The company’s trademarked fiber, Brewed Protein, has been used in limited edition collections with brands including Japanese streetwear label Sacai and outdoor apparel specialists The North Face Japan.
Currently scaling up production and getting ready for a full commercial launch of its textiles, Spiber hopes its technology will help to “solve some of the big global challenges that we’re facing,” says Higashi.
That’s why friends Kazuhide Sekiyama and Junichi Sugahara, Spiber’s founders, decided to create a synthetic material that is molecularly identical to spider silk. The duo began experimenting as students at Keio University in Yamagata Prefecture in 2004, and founded the company in 2007.
Spiber studied “thousands of different spider species,” as well as other silk-producing species, and compiled a database of silk varieties, says Higashi.
Having successfully produced the spider silk alternative, the team went on to develop a range of Brewed Protein fabrics by altering the protein sequence, says Higashi.
Spiber’s fibers are made by fermenting water, sugar and nutrients with specially modified microbes in steel tanks, similar to those used in beer making, to produce protein polymers. The polymers are fed through a nozzle and spun into a fiber, says Higashi.
It hasn’t been an easy journey, though. In 2015, Spiber partnered with The North Face Japan to produce a limited-edition run of 50 “Moon Parka” jackets to commemorate the 50th anniversary of the moon landings.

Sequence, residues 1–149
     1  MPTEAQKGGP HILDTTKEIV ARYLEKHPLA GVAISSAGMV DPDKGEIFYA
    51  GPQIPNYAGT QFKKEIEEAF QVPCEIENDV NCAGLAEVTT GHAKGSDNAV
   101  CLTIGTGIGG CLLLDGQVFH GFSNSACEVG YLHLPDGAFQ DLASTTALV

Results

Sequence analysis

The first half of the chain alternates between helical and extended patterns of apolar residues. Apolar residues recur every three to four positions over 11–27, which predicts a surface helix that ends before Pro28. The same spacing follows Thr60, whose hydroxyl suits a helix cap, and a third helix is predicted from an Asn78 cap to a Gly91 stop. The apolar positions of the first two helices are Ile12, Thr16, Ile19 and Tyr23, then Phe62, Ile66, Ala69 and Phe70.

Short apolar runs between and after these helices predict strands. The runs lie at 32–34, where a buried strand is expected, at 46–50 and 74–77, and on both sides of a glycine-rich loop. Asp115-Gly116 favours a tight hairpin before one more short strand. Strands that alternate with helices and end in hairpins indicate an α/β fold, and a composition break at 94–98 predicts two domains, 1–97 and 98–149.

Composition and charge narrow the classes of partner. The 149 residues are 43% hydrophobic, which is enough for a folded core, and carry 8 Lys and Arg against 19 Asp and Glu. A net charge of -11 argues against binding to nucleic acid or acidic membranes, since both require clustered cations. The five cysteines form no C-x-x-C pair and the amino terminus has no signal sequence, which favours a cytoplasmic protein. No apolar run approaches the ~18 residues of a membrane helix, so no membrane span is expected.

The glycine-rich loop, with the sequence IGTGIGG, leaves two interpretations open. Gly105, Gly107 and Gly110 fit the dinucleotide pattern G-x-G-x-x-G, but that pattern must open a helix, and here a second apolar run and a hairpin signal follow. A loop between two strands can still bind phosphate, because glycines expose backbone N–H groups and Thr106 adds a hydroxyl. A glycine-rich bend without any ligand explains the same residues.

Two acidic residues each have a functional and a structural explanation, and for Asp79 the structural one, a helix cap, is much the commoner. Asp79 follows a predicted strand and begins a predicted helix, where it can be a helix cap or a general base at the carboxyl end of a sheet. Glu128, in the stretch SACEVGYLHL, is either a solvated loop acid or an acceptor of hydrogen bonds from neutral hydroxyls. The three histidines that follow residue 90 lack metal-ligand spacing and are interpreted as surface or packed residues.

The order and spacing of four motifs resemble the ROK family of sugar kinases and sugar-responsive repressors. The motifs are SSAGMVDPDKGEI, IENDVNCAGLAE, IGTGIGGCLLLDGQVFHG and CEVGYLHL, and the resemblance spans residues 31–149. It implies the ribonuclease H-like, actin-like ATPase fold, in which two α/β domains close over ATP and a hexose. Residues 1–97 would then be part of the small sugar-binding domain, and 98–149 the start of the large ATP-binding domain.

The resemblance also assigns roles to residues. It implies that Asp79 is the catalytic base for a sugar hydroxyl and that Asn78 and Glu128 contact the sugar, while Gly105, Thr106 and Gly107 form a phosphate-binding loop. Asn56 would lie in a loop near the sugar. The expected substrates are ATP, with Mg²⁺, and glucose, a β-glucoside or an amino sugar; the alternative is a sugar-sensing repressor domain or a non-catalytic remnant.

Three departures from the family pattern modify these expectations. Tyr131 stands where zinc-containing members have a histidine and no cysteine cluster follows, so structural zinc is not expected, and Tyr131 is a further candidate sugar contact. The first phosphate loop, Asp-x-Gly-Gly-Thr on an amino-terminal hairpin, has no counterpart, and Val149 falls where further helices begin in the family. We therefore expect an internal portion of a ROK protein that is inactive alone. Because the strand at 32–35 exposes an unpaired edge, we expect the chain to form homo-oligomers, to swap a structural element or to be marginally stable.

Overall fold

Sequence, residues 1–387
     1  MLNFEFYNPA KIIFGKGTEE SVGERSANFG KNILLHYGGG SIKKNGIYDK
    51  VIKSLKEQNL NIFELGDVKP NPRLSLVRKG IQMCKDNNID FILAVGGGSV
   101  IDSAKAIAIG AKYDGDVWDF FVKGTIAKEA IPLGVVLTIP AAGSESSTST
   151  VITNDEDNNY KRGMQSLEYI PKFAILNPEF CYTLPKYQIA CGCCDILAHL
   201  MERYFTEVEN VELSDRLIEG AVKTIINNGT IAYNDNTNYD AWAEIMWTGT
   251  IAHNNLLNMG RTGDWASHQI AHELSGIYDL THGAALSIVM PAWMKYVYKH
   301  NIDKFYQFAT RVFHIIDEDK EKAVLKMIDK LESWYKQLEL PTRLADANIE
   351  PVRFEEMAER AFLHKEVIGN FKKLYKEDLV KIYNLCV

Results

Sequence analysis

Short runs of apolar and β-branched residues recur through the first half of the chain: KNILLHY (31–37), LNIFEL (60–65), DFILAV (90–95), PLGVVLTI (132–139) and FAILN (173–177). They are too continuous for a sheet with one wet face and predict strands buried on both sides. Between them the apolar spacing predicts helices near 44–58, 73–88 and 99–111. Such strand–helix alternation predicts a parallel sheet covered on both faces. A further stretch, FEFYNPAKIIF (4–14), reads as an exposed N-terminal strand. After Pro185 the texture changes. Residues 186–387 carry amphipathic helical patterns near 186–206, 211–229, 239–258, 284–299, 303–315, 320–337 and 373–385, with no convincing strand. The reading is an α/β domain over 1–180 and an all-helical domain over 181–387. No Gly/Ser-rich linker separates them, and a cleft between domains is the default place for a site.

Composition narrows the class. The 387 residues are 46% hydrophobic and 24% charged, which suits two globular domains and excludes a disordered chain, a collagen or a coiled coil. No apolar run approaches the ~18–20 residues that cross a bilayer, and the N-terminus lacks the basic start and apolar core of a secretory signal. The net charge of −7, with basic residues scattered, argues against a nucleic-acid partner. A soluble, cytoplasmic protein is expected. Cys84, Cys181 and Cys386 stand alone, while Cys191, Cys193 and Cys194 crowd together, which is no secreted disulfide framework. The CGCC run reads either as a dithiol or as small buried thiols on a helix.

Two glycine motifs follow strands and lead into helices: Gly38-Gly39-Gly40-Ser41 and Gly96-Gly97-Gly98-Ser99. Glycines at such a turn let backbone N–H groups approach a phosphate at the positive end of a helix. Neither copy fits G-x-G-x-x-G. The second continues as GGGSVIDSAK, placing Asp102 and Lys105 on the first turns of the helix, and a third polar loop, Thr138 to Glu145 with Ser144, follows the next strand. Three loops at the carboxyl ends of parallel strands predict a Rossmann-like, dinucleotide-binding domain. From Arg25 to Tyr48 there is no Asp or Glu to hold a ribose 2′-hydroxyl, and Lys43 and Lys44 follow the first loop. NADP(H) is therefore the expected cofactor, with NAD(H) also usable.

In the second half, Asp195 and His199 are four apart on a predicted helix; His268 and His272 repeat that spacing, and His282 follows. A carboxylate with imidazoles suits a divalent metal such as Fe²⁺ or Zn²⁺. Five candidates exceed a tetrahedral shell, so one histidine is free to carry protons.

But during the design process, the team discovered that spider silk shrinks when wet, and had to modify the protein to make the fiber suitable for an outdoor jacket.
It took four years “to produce a garment that met their standards,” says Higashi. The parkas retailed for ¥150,000 (worth around $1,400 in 2019) and the small collection sold out.
A recycling revolution
Higashi says Spiber’s biodegradable textiles are predicted to generate just one-fifth of the carbon emissions of animal-based fibers once they are in full-scale production, according to a life cycle analysis conducted by the company.
Spiber wants to reduce its environmental impact further, though. The company currently uses sugarcane and corn for its fermentation process — crops that use large volumes of land and divert food resources, says Higashi.
To resolve this, Spiber is developing a process called “biosphere circulation” that will convert discarded garments made from natural materials like cotton into the sugars needed for fermentation.
Higashi says scaling will help bring the price of Brewed Protein down and allow Spiber to expand beyond the high-end designer market.
“We have the means to create solutions to enable more circular fashion,” says Higashi. “It’s our mission to bring those solutions to the world.”